Probate & Trusts

I handle all aspects of administration after the death of a loved one, including assisting with the administration and distribution of revocable and irrevocable trusts. I work closely with the family’s accountant to ensure that all federal and state estate tax returns are properly prepared, and assist in the division of trust assets among the subtrusts commonly used in zero tax marital deduction situations.

I consult with fiduciaries on their accounting and investment duties, and also handle the probate of estates when necessary.


If you die without a will in California, your estate will go through the probate system in the California courts. The term “probate” refers to the legal process by which a court oversees the distribution of your assets to the new owners.

In California, the probate procedure is complicated, stressful, and public, and oftentimes lasts for several years. It is also expensive, as attorneys’ fees and executors’ fees are set by statute. More importantly, if you die without a will, your property may or may not pass the way you would wish. If you don’t have a will, your assets will pass by “intestate succession,” which is the distribution of assets dictated by state law.

While this system may distribute your assets to the people you would want to, consider two things: (1) your children will receive your assets when they reach age 18, and (2) if you spouse remarries, he or she is free to give your money away to anyone, including to his or her new spouse.

To ensure your loved ones receive their inheritance as quickly and easily as possible, you may want to avoid probate. I can show you techniques and strategies to help you do just that.

Probate Administration

In addition to intestate estates, all wills must pass through probate. If you are the beneficiary of a probate estate, I can guide you through the process quickly, compassionately and effectively.

How Do I Avoid Probate And Protect My Family?

Property held in joint tenancy or community property with right of survivorship, and the proceeds of life insurance, retirement accounts, and annuities should pass to the surviving joint owner or the named beneficiaries without the necessity of probate, so long as the named beneficiaries survive the owner of the asset. Assets held by a revocable living trust also avoid probate.

Revocable Living Trust

Assets held by a revocable living trust (“RLT”) will avoid the cost, delay, and hassle of probate. The trustee of the RLT will distributed your assets to your heirs privately and without the high statutory fees. By using an RLT, you can ensure that your money is held in trust for the benefit of your heirs under the terms you feel are best.

For example, you can provide for your spouse during your spouse’s life, but on that spouse’s death, dictate that the money will go directly to your children, and will not be affected by your spouse’s potential remarriage. You can also dictate the ages at which your child receives his or her inheritance, such as providing that the trust may always pay for health and education, but will not distribute the assets outright to the child until the child reaches certain ages of maturity. Many clients choose to distribute 1/3 of the assets to the child upon reaching age 25, another 1/3 at age 30, and the balance at age 35.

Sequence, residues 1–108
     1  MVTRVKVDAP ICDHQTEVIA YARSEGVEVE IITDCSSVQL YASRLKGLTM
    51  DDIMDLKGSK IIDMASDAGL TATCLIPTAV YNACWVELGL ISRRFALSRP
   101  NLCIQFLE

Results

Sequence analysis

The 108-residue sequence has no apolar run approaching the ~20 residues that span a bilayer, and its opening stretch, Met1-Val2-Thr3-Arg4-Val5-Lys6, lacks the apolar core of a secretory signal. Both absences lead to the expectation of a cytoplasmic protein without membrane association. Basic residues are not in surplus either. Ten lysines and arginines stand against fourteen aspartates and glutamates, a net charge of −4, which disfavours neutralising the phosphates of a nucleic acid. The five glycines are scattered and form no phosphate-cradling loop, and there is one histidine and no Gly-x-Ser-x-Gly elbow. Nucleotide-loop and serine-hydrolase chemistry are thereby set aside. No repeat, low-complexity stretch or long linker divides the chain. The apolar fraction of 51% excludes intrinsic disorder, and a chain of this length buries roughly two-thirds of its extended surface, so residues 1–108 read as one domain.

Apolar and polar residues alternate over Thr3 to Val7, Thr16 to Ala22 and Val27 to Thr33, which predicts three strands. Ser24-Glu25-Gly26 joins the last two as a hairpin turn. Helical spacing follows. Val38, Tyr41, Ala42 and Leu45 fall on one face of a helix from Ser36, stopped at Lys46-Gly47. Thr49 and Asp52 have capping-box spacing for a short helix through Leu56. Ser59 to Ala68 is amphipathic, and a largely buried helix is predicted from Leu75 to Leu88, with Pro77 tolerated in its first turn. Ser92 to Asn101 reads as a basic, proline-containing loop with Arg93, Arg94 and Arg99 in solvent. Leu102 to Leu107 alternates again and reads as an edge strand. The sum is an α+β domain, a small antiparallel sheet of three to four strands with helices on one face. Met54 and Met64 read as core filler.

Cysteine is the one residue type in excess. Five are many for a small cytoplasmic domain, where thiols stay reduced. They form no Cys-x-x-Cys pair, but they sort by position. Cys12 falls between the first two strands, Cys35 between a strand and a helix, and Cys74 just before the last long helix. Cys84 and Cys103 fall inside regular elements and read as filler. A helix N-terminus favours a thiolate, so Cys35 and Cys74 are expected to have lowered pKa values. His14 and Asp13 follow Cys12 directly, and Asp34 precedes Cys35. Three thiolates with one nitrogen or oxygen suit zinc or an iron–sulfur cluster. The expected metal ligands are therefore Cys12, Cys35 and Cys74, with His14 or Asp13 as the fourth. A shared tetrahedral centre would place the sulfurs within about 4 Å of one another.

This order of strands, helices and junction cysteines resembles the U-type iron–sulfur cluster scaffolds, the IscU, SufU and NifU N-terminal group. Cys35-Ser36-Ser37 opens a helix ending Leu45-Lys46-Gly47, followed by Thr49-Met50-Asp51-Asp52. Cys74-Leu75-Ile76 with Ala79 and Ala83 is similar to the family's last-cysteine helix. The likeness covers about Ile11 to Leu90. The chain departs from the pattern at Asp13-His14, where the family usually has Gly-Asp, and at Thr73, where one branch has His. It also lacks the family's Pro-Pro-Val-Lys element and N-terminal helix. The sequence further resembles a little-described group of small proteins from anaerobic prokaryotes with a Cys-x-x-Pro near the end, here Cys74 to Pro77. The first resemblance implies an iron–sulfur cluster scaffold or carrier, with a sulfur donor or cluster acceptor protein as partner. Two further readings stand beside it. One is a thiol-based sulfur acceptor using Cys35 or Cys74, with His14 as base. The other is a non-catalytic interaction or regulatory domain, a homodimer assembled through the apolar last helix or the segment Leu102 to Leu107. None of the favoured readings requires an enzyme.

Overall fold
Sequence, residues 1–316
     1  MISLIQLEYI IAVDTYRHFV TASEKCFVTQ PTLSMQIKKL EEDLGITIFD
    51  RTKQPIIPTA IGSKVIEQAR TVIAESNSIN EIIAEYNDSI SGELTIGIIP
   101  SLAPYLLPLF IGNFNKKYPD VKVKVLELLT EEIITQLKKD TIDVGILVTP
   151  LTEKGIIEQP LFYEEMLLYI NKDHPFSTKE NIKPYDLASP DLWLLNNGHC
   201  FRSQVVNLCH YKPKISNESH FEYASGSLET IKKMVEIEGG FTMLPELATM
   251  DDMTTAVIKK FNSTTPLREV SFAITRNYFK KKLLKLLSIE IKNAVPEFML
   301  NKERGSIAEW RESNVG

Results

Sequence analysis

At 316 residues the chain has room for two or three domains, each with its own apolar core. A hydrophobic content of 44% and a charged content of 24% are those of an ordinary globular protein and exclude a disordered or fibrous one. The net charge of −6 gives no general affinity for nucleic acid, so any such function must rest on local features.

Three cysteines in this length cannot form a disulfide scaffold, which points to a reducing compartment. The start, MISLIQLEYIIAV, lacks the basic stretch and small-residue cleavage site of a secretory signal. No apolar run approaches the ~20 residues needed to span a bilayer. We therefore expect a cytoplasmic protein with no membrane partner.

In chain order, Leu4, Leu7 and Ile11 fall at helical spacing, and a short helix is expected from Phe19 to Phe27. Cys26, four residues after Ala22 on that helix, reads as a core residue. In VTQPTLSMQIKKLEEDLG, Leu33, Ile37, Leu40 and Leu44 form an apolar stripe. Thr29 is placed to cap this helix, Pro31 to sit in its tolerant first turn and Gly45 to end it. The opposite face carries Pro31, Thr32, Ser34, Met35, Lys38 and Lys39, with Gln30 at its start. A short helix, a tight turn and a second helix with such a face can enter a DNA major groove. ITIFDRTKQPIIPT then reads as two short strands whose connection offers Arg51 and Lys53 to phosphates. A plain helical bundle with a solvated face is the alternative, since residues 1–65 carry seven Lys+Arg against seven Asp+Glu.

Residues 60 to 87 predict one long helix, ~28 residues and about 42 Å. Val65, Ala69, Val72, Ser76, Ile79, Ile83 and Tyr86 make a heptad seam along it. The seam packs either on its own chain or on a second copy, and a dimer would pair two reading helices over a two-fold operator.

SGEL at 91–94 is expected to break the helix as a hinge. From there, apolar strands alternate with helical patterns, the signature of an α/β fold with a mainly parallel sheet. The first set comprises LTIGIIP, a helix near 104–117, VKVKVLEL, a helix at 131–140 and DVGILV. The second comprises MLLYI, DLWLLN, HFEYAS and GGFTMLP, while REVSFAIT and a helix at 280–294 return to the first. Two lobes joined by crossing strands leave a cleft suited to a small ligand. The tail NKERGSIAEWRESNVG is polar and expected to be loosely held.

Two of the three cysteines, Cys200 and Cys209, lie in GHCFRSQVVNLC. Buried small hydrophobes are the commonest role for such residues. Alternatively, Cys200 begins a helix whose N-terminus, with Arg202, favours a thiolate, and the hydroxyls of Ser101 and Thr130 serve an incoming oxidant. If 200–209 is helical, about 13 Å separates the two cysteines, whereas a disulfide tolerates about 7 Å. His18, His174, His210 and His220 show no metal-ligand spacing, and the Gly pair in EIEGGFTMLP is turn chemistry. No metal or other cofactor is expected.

Your living trust can also be prepared so that it allows your spouse or another family member you choose to manage your financial affairs for you if you become disabled or seriously ill. Trusts can also help you take care of those who can’t take care of themselves. You can set up a trust to send grandkids to college, to pay for weddings, and to keep up a family property.

You can also provide for the necessities of a family member who you believe is unable of taking proper care of himself or herself, providing asset protection, and can create a Pet Trust, to ensure the care and feeding of your companion animal after you pass on.

I can prepare a living trust for a single person or a married couple.

Irrevocable Trusts

There are many types of irrevocable trusts and they are used for many purposes, including income tax and estate tax savings, asset protection, and wealth preservation and transfer.

I can advise you about trusts for minors, life insurance trusts, charitable trusts, grantor retained annuity trusts, and other forms of irrevocable trusts designed to suit your needs.

Charitable Trusts

Many of my clients wish to combine philanthropy, personal financial security, and tax benefits by establishing a charitable trust. I work with you and many charitable organizations to design and implement the charitable trust that best meets the planned giving strategy of your estate plan.

Charitable Remainder Trusts (CRT)

A CRT allows you to designate assets, such as stocks or real estate, as a gift to one or more qualified charities during your lifetime. Because the gift isn’t transferred to the charity until you or your beneficiary dies, you or your family will continue to receive income from those assets throughout your lives. By creating a CRT, you can support a cause (or causes) you care about, defer, reduce or eliminate taxes, and provide income for you or your beneficiaries.

Charitable Lead Trusts (CLT)

A CLT allows the charity or charities you designate to receive income from your gift for a period of time. At the end of that term, the asset is transferred to your beneficiaries. By creating a CLT, you can support a cause (or causes) you care about, reduce or eliminate income taxes and estate taxes, and pass your legacy to your beneficiaries.

Contact me for a free probate consultation.